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From the editor's desk: an empty net for the City of Glendale

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A short-term victory may turn into a long-term loss.

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Rick Osentoski-USA TODAY Sports

The City of Glendale emptied the net against the Arizona Coyotes, and somehow managed to tie the game.

But what happens when the puck drops for overtime?

Glendale ended up getting almost entirely what they wanted; the City will now nominally pay the Coyotes exactly what they planned to pay someone else to manage the arena back in 2013. And with only a two-year term, this City Council should also have the ability to make the final say over any subsequent renewal down the road (should they be re-elected in 2016, of course).

However, the cost to get their way was immense. Make no mistake about it, Glendale took an extremely underhanded route to secure a new deal. They utilized a state law meant to prevent individuals from taking the advantage of cushy contracts to bully the Coyotes out of a deal the last City Council saw fit to approve.

Whether or not you believe the original deal was good for Glendale (it wasn't), and whether or not you believe this deal is better for Glendale (it is), the reality is that the City expended every ounce of political capital and leverage it had to get this far.

So what happens if the Salt River Community comes calling to the Coyotes? Or if Phoenix and Robert Sarver come up with an agreement that is either marginally beneficial or at least revenue neutral for IceArizona? If ESPN's Scott Burnside is to be believed, both parties have at least expressed interest.

Glendale has always been playing from behind because of its location relative to the wealth base of the Phoenix Metropolitan Area. The city had to spend $180 million to lure the hockey team out of a bad lease situation in Downtown Phoenix, and another $121 million to snag two MLB teams for Spring Training (though funny enough, the debt on that project rarely seems to come up when talking about Glendale's budgetary woes).

Now the most compelling reason for IceArizona to stick around in the West Valley has been reduced by $8.5 million. That cut - and the trust broken in the process - comes right as Glendale's larger, more centrally located neighbor begins to explore building a newer arena in a better location.

So congratulations to the Glendale City Council. You successfully tied the game in the dying seconds. But it took everything you had to do it, and the game isn't over yet.

Thoughts

  • So is it possible Glendale and the Coyotes salvage their relationship? Maybe not enough to end up on good terms, but enough to at least keep the Coyotes in Glendale.
  • To me, if IceArizona ends up posting only minor financial losses (if any) this year despite the new deal, and Glendale can't find a cheaper arena manager, then maybe both sides agree to keep things as they are for a while longer.
  • And even if another arena manager is hired, it's not out of the realm of possibility that IceArizona remains at Gila River Arena either. This option, however, seems to be the least ideal for the Coyotes.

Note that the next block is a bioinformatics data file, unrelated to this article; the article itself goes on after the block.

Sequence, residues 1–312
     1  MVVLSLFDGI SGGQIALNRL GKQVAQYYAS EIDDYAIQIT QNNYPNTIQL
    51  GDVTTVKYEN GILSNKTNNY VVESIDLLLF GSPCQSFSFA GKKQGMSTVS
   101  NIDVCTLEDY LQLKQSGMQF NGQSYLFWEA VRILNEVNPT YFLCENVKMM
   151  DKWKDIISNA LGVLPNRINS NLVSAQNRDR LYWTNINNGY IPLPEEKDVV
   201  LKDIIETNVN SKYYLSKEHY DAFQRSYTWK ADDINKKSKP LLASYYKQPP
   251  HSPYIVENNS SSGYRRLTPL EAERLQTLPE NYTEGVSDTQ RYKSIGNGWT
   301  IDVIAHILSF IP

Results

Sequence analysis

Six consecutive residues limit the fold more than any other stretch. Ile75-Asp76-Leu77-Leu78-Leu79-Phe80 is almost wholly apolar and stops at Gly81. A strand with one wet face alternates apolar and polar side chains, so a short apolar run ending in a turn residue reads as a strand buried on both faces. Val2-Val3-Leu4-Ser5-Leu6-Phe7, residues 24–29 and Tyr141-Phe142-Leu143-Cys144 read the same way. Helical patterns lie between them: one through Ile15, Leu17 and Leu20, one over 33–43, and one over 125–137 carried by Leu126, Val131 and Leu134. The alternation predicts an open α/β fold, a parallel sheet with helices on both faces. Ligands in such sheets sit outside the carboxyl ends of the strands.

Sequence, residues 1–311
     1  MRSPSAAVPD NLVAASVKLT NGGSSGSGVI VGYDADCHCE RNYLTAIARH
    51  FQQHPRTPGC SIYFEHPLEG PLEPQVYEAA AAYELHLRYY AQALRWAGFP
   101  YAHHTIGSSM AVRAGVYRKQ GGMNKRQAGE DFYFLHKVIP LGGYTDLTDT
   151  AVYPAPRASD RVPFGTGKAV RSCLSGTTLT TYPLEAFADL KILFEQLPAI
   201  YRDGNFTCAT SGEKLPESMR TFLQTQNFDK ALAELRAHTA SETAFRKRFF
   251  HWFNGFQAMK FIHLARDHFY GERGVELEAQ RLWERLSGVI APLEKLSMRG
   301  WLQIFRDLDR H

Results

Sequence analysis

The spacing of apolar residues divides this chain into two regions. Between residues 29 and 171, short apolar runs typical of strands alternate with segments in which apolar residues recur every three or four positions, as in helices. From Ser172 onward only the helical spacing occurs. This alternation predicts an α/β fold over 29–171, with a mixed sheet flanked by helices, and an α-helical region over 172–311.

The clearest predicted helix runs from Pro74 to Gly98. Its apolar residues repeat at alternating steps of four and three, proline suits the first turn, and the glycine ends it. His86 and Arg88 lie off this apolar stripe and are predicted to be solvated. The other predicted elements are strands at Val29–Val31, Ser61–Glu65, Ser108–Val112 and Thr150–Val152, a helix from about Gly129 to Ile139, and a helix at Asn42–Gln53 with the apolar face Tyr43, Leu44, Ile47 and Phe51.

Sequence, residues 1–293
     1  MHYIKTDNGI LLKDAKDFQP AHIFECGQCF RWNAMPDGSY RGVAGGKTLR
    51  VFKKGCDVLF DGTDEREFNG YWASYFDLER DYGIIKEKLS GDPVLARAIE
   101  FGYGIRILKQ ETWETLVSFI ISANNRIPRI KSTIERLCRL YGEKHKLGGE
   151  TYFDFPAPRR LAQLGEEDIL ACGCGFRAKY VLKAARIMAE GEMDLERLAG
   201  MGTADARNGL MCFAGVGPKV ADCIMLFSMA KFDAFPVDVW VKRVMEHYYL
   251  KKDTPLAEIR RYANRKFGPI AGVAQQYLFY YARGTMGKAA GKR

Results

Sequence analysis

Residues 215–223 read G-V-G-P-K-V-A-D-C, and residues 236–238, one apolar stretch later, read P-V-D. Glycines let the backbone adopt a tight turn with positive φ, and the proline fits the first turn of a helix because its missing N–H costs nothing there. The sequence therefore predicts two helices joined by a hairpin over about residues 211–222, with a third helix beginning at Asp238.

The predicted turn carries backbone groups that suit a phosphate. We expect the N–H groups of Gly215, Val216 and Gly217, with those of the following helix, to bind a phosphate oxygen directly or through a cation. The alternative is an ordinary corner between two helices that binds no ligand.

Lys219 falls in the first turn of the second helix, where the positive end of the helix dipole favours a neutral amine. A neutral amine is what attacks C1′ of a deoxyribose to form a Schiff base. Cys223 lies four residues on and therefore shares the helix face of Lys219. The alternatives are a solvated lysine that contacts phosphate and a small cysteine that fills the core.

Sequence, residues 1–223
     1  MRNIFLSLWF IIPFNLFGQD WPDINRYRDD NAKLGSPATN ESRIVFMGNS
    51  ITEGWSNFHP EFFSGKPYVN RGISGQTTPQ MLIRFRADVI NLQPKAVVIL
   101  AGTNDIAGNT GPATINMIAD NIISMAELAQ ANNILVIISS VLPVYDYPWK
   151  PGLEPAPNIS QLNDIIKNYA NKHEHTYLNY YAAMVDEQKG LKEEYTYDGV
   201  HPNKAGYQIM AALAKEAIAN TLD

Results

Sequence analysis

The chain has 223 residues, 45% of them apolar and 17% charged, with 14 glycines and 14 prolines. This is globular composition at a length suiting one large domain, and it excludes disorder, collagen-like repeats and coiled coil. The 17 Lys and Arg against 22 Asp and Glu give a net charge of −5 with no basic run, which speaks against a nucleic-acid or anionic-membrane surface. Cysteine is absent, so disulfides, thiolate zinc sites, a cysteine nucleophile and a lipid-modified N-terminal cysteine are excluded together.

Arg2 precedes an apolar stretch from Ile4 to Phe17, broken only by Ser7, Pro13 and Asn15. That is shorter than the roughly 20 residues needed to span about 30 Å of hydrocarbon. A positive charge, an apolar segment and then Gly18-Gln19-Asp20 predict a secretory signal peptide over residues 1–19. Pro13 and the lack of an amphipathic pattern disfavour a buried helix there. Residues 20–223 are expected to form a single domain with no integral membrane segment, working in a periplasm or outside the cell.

• Lest our friends from up North get too comfortable criticizing public subsidies for hockey in America, Edmonton's city government will be spending $606.5 million by the time the Rogers Place development is completed.
  • That is of course in addition to the $97.7 million ($207 million in 2015 dollars) the City of Calgary spent on the Saddledome, and the $400 million the city and province of Quebec split to build the arena still awaiting an NHL team. Perhaps people in publicly subsidized glass arenas shouldn't throw stones?
  • Alexander Semin signing in Montreal for $1.1 million looks like a pretty darn good deal for a Habs team that is in desperate need of goal scorers.
  • A lot has been made of Semin's "character issues". I don't tend to put a whole lot of stock in the value of "character" when it comes to hockey; Alex Ovechkin has been called "lazy" by several different people, yet he is without a doubt a game changer in the NHL.
  • That being said, two different NHL teams passed on the chance to keep a guy who produced 40+ points in eight out of ten NHL seasons. There's probably some reason to worry up in Montreal, especially if Michel Therrien can't settle on a place in the lineup for him.
  • One game on NBC Sports Network for the Coyotes this season: Monday, March 7th at Colorado. That's what happens when you finish 2nd to last in the league and miss out on McEichel.
  • Lost in the mix of Glendale and IceArizona suddenly resolving their legal issues was the announcement that Michael Bunting signed a three-year entry level deal with the Coyotes.
  • After going 117th overall in the 2014 NHL Entry Draft, Bunting more than doubled his goal total (15 to 37) and increased his assist total (27 to 37) in his Draft +1 season with the Sault Ste. Marie Greyhounds.
  • Bunting joins Christian Dvorak, Laurent Dauphin, and Ryan MacInnis among Coyotes' prospects who followed up okay draft seasons with solid draft +1 campaigns.
  • The Coyotes may now actually have an abundance of riches at the forward position, between Max Domi, Anthony Duclair, Brendan Perlini, and of course, Dylan Strome. In addition to the three above-mentioned prospects.
  • How do you make room for all of them? In all likelihood, you don't. You find an asset you like somewhere else, be it player or prospect, and you make a deal. Could someone like a Henrik Samuelsson or a Lucas Lessio be expendable in the search for more defensive depth? Possibly.